Reviews & Analysis

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  • Gigantic cosmological γ-ray bursts have fallen into a dichotomy of long and short bursts, each with a very different origin. The discovery of an oddball burst calls for a rethink of that classification.

    • Bing Zhang
    News & Views
  • The PCP theorem encapsulates the idea that randomization allows the immediate verification of any mathematical proof. A simple route to this striking result was proposed earlier this year.

    • Bernard Chazelle
    News & Views
  • The intestinal bacteria in obese humans and mice differ from those in lean individuals. Are these bacteria involved in how we regulate body weight, and are they a factor in the obesity epidemic?

    • Matej Bajzer
    • Randy J. Seeley
    News & Views
  • Detailed investigation of a molecule involved in an inherited type of deafness reveals a fresh facet to the mammalian auditory system — a hitherto unknown way for synapses to put calcium in a bind.

    • Thomas D. Parsons
    News & Views
  • That neutrons can be transmuted to protons, electrons and antineutrinos through the process of beta decay is old hat. That photons sometimes also get in on the act was suspected, but until now never confirmed.

    • Nathal Severijns
    News & Views
  • The intricate process of ageing involves numerous physiological pathways, together with genetic and environmental factors. Insight into this complex biology could come from studying a disorder that accelerates ageing.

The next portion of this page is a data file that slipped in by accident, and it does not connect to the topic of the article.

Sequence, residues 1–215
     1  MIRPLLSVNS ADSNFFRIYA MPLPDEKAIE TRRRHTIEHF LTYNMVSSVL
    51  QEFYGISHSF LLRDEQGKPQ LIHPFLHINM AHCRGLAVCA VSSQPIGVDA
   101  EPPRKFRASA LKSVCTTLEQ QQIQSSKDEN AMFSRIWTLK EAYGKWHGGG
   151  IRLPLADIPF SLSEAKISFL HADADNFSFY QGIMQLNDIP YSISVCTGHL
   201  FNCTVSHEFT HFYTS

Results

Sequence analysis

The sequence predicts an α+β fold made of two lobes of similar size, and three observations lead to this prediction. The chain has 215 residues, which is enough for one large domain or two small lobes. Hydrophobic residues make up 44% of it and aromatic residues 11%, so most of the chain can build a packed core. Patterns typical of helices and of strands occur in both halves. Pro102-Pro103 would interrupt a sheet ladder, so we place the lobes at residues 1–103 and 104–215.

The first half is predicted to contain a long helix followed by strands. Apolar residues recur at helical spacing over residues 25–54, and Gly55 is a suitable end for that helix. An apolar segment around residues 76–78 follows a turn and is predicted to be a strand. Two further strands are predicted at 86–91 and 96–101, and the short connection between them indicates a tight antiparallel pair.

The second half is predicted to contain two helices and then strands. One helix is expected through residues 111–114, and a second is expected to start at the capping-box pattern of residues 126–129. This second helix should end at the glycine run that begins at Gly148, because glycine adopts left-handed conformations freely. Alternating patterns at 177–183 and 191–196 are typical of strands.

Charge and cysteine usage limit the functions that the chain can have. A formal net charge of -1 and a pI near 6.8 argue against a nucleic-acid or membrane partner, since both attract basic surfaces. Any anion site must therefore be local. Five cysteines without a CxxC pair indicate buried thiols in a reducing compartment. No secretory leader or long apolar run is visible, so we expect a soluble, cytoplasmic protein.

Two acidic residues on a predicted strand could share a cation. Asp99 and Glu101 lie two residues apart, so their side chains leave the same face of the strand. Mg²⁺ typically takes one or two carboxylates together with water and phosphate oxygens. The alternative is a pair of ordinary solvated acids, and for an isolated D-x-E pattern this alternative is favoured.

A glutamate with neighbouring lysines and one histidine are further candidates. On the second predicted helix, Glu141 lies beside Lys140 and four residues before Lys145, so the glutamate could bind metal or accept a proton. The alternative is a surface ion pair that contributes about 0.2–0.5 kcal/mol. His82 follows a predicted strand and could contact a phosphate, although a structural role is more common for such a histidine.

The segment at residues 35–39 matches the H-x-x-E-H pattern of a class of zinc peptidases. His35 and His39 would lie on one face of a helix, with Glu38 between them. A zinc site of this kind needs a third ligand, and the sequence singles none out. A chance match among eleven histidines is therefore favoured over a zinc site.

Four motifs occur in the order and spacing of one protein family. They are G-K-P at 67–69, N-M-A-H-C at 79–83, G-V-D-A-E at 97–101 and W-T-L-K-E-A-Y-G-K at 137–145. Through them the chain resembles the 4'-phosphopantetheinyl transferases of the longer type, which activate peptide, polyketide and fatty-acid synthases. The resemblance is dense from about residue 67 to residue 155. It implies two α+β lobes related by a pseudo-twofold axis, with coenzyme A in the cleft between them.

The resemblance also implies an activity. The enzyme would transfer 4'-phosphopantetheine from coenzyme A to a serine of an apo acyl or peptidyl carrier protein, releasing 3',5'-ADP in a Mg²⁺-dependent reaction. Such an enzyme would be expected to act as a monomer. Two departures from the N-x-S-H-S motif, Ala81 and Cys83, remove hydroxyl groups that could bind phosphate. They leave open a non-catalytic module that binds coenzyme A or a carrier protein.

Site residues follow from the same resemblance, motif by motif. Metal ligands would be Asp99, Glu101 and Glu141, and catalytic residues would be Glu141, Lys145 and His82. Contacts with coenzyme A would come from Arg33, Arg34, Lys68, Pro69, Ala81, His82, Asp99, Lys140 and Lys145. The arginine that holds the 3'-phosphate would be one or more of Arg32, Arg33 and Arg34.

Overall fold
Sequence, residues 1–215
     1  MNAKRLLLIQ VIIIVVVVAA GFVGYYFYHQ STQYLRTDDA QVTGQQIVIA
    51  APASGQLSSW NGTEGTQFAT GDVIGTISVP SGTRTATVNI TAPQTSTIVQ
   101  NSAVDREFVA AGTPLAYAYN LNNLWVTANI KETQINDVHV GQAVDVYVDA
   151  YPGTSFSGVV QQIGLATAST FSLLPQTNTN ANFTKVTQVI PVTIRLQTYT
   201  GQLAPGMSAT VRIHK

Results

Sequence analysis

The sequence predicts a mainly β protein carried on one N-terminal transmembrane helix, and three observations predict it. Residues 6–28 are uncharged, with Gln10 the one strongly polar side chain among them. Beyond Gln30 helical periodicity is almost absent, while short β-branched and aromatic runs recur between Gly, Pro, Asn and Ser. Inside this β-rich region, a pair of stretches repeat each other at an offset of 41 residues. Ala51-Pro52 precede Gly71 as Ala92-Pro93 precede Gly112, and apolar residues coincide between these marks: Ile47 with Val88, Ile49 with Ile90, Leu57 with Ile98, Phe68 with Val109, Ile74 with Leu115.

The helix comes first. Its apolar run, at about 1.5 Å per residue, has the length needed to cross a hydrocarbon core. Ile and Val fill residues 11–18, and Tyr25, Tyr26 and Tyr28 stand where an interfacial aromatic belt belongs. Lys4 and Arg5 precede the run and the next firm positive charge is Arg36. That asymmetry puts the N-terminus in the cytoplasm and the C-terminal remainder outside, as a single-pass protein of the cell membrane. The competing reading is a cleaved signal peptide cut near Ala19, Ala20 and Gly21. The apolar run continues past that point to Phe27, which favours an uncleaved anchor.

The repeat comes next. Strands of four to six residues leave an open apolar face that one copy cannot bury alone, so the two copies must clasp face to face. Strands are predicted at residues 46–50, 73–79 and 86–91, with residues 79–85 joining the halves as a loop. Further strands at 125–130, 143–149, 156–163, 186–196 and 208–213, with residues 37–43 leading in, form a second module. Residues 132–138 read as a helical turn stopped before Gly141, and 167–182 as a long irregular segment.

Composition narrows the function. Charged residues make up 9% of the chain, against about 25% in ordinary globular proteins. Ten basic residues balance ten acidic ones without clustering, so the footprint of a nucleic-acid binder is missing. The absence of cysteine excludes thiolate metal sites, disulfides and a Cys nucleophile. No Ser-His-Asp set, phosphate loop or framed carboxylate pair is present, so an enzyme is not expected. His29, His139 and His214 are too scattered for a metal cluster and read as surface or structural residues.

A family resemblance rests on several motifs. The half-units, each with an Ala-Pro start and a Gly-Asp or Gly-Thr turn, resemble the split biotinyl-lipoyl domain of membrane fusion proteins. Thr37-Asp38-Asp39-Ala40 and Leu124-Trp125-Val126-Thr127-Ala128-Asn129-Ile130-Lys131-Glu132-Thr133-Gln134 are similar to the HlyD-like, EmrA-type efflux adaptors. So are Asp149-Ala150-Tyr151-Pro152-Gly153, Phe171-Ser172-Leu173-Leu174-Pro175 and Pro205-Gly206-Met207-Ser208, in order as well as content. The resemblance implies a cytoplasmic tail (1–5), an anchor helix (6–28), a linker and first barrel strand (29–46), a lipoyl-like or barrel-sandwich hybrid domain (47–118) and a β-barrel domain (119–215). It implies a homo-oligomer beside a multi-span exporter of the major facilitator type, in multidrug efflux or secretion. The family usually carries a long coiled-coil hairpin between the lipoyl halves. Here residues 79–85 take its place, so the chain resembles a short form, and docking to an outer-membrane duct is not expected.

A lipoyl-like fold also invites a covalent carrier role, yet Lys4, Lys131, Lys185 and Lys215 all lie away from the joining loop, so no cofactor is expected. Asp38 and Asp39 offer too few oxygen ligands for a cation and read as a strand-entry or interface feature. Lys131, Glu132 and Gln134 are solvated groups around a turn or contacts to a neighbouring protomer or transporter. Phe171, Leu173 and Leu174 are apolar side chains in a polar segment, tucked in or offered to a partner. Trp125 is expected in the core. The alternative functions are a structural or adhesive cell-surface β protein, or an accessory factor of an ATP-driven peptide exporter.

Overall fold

• Tom Kirkwood
    News & Views
  • Proteins are made of amino acids. But amino acids are made of atoms. Exploration of this self-evident principle opens up fresh perspectives on the evolution of biological membranes and multicellular life.

    • Peggy Baudouin-Cornu
    • Dominique Thomas
    News & Views
  • Leukaemic cells and normal blood-producing cells relate differently to their surroundings. This concept has now been extended to leukaemic stem cells, suggesting a fresh approach to therapy.

    • David A. Williams
    • Jose A. Cancelas
    News & Views
  • Nerve impulses that convey pain signals to the brain are produced by sodium channels in the neuronal membrane. Studies on people who are unable to feel pain identify one specific sodium channel as essential to the process.

    • Stephen G. Waxman
    News & Views
  • Fabricating large-scale semiconducting surfaces for the flexible screens of the future is a bothersome business. A simple technique for growing single-crystal organic semiconductors brings new vision to the field.

    • Paul Heremans
    News & Views
  • Observations of a phenomenon known as the magnetic fountain effect in superfluid helium are not just beautiful experiments, but could also supply a tool for studying many other exotic magnetic phenomena.

    • Shaun Fisher
    • George Pickett
    News & Views
  • Inhibition of the insulin-signalling pathway leads to insulin resistance, an early step in the development of type 2 diabetes. A novel family of protein activators seems to act near the pathway's inception.

    • Catherine Jackson
    News & Views
  • How much momentum does light transfer to a material through which it passes? This is a surprisingly opaque matter, contested for almost a century, that is still the object of theory and experimentation.

    • Ulf Leonhardt
    News & Views
  • Crystal structures show that botulinum toxins bind simultaneously to two sites on neurons. This dual interaction allows them to use a Trojan-horse strategy to enter nerve terminals, with deadly effect.

    • Giampietro Schiavo
    News & Views